Though Taiwan is a thoroughly modern society built on reason and technology, vestiges of the old ways, or non-scientific customs and taboos from bygones days are alive and well in everyday life. Some may call these cultural taboos superstitions, but before being overly judgmental, consider the prevalence of triskaidekaphobia (fear of the number 13) in western architecture. While most Americans, for example, would laugh at the idea that this obscure phobia impacts their lives, the fact that many buildings – even modern skyscrapers – skip from the 12th to the 14th floor is evidence that the superstition is alive and well. (Read More: 13 Tips for having a deeper Taiwan Temple experience.)
Here are a Seven Taiwan taboos you ought to know about when traveling in Taiwan.
1.Don’t point at the moon with your finger
Chang’e is the Chinese Goddess of the moon, and though luminous and beautiful, she’s also considered somewhat shy. According to legend, pointing at the moon offends the goddess, who may retaliate by cutting the pointer’s ear.
And speaking of showing respect to ethereal beings…
2.Knock on a hotel room before entering
Though it may seem strange to knock on your own hotel room door before entering, in Taiwan it makes sense. There may be spirits inside, and the knock is a courteous way to give them a moment to finish their business and vacate the premises.
And on the subject of spirits…
3.Don’t stick chopsticks upright in a bowl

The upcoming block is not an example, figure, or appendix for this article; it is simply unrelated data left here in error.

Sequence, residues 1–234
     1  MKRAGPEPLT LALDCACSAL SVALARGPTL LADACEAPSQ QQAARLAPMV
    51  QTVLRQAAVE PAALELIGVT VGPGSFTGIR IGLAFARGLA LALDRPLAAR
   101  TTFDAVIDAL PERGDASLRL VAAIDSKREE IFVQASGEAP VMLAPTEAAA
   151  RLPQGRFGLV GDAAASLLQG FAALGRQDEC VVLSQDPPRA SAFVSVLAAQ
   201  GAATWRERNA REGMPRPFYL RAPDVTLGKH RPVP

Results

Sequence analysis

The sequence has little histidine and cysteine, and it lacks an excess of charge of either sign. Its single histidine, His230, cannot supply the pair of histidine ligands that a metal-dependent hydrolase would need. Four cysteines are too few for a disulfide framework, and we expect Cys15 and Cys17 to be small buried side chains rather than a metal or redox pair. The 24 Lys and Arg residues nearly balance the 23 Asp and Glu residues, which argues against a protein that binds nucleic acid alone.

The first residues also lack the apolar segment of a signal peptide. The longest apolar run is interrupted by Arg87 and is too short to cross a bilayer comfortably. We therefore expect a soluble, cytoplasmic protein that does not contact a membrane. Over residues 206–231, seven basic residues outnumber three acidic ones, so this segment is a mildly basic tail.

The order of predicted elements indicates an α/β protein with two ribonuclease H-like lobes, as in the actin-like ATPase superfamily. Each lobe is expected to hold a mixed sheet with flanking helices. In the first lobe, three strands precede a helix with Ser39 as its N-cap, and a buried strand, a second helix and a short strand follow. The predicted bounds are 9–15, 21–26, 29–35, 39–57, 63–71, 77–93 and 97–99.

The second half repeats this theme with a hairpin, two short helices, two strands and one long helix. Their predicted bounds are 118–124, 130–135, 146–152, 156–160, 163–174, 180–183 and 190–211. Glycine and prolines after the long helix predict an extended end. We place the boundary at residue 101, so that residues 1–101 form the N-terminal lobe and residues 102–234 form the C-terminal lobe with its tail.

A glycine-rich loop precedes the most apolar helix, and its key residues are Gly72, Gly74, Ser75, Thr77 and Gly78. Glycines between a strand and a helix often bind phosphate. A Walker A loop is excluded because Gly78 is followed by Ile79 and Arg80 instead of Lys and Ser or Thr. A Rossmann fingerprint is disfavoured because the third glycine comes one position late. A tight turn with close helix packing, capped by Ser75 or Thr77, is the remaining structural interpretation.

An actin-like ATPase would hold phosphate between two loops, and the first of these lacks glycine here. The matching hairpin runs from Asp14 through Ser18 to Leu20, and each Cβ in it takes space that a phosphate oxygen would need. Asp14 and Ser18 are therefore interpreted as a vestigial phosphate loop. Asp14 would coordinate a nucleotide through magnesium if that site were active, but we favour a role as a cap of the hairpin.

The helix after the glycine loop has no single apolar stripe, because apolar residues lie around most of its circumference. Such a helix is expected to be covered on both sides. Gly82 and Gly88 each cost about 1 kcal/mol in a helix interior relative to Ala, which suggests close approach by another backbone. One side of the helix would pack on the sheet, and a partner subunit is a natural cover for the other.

After praying with incense, Taiwanese people place the sticks upright in a brazier to allow both fragrance and prayers to ascend to the spirit world. Mimicking this gesture with chopsticks in a rice bowl in Taiwan is like making the sign of the cross with a french fry in a devoutly Catholic nation.
And speaking of slightly confusing analogies…
4.The color red is fraught with meaning
Everyone is happy to receive a hongbao, or red envelope, as this is how money is traditionally gifted But if you see a red envelope lying in the street, picking that up may lead to an unwanted marriage with a ghost. Red is generally considered an auspicious color (gamblers will often wear red underwear for luck) but red ink should be avoided, as the ink symbolizes blood.
And on the subject of gambling…
5.Never pat a gambler on the back
While in the west, patting your buddy on the back to congratulate them on winning (or console them for losing) is a perfectly normal gesture. Your Taiwanese gambling friends will not appreciate the gesture, however, as the Mandarin word for back (bei) sounds like a slang term for for bad luck (also bei).
And speaking of homophones worth knowing…
6.Avoid the number 4
What 13 is in the west, 4 is to Taiwanese. The Mandarin word for death (si) sounds the same as the word for “four” (si again). While some buildings have fourth floors, others do not (and rent in fourth floor apartments in those that do is sometimes discounted). Hotels and hospitals almost never have fourth floors. Also It’s considered inauspicious to give a gift containing four of anything. (Read More: Halloween in Taiwan.)
And on the subject of inauspicious gifts…
7.Don’t give a clock as a gift
Gifting a clock is considered very bad luck, as if the giver is reminding the recipient of their mortality, as if to say “Your time is running out!” This said, should you chose to tip your tour guide with a Rolex GMT Master II (or even a mid-range Cartier) they’ll probably accept it quite happily, taboo aside.(Read More: Chinese New Year in Taiwan part two: Gift giving, etiquette and more.)
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You explanation for Taboo #7 isn’t quite right/true. The reason we don’t give clock as a gift is because the word “Clock” (鐘) has the same pronunciation as word “End/Finale” (終). Giving/gifting (送) someone a clock as a present is taboo mainly due to the similar pronunciation of “giving a clock” (送鐘) and “attending an old person’s funeral” or literally, “sending someone to their end/death” (送終). It’s doesn’t really mean “your time is up”.